In Europe this week, French and German manufacturing PMI data fell short of expectations and a key measure of German business sentiment (IFO business climate index) reached a six year low. In the wake of disappointing forward-looking economic data, the ECB left monetary policy unchanged which weighed on European equity markets and also saw the Euro hit a two year low versus the US Dollar.
Whilst the ECBs decision may have disappointed some investors, the statement from the ECB guided to “interest rates being at their current level or even lower until the middle of 2020”. The addition of “or even lower until the middle of 2020” leaves open the prospect that the ECB will ease monetary policy at their next meeting. Additionally, during the press conference, the ECB President Mario Draghi made several dovish remarks further bolstering expectations of a policy response in September.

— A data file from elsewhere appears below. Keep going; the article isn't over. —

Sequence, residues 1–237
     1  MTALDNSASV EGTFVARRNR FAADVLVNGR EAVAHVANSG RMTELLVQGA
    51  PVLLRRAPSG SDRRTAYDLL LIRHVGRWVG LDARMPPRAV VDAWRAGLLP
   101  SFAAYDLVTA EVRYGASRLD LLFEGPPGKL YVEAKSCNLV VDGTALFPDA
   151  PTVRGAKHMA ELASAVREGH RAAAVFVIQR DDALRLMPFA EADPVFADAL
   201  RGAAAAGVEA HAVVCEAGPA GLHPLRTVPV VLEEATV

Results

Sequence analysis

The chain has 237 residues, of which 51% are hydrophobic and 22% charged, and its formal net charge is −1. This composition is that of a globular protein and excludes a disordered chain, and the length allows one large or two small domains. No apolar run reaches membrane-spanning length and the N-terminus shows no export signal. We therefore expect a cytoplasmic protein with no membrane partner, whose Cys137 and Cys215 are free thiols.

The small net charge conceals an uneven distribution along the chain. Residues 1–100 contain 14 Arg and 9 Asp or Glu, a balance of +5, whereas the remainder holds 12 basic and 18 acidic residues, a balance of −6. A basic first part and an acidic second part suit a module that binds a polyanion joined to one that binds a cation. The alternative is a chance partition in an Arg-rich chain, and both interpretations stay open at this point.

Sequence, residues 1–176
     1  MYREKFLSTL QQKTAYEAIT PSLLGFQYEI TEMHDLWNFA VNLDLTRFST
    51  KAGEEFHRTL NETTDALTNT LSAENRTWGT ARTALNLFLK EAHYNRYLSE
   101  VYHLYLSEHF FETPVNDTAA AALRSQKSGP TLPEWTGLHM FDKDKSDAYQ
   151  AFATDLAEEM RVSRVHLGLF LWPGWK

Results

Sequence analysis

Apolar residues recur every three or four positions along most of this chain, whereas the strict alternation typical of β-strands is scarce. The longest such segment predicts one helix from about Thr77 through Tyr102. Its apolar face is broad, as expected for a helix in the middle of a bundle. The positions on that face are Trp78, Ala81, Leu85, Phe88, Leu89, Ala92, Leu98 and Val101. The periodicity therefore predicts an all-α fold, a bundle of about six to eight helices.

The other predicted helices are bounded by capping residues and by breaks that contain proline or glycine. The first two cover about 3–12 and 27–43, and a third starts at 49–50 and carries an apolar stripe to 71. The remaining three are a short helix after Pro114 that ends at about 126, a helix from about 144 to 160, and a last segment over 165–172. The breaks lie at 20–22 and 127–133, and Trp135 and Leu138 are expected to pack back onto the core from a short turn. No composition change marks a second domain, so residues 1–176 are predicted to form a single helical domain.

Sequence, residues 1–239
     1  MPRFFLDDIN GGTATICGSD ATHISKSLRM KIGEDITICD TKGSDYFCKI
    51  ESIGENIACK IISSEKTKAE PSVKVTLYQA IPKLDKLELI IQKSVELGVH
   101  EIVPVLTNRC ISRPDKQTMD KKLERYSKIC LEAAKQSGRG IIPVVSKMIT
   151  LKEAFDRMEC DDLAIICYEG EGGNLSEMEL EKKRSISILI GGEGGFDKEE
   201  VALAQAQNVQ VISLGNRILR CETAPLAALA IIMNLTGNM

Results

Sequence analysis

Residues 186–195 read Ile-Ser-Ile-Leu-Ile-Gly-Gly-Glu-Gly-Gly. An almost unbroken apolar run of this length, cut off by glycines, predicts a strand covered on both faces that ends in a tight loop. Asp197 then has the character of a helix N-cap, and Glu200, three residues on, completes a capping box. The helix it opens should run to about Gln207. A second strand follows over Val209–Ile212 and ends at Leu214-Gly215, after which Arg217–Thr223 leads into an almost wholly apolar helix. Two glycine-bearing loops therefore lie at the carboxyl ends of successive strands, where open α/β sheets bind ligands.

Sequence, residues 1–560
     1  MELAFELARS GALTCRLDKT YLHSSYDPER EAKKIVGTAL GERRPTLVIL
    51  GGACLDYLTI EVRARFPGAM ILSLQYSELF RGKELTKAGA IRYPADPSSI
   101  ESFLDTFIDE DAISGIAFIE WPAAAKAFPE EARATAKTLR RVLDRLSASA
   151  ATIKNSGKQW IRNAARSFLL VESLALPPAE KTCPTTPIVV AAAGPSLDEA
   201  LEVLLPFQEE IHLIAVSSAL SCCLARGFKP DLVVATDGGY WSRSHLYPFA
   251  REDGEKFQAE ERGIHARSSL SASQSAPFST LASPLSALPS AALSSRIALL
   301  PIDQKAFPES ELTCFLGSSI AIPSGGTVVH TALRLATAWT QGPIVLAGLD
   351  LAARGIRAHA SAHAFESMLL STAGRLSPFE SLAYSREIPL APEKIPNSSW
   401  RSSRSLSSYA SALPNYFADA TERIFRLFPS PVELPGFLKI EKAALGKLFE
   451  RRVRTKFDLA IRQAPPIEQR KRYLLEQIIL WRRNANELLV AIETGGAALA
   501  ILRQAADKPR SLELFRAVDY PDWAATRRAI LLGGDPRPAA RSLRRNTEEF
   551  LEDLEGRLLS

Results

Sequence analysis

US GDP for the second quarter of 2019 came in at 2.1% on an annualised basis, beating expectations of 1.8% thanks to stronger than anticipated consumer and government spending. Whilst growth beat expectations, exports and inventories were down, and business investment fell for the first time in three years. With trade tensions evidently weighing on the economy, investors remained optimistic that the Fed will cut interest rates next week, despite headline GDP beating consensus forecasts.
The Fed announces monetary policy next week and is expected to cut interest rates for the first time in over a decade by 0.25%-0.50%, investors will certainly be disappointed if the Fed fails to act. In addition to the US, next week the UK and Japan will provide updates on their monetary policy and trade talks between the US and China are set to resume. The last couple of weeks have been busy with companies across the globe announcing their half year results and that continues next week, with many big names updating investors on their performance.
Peter Quayle, Fund Manager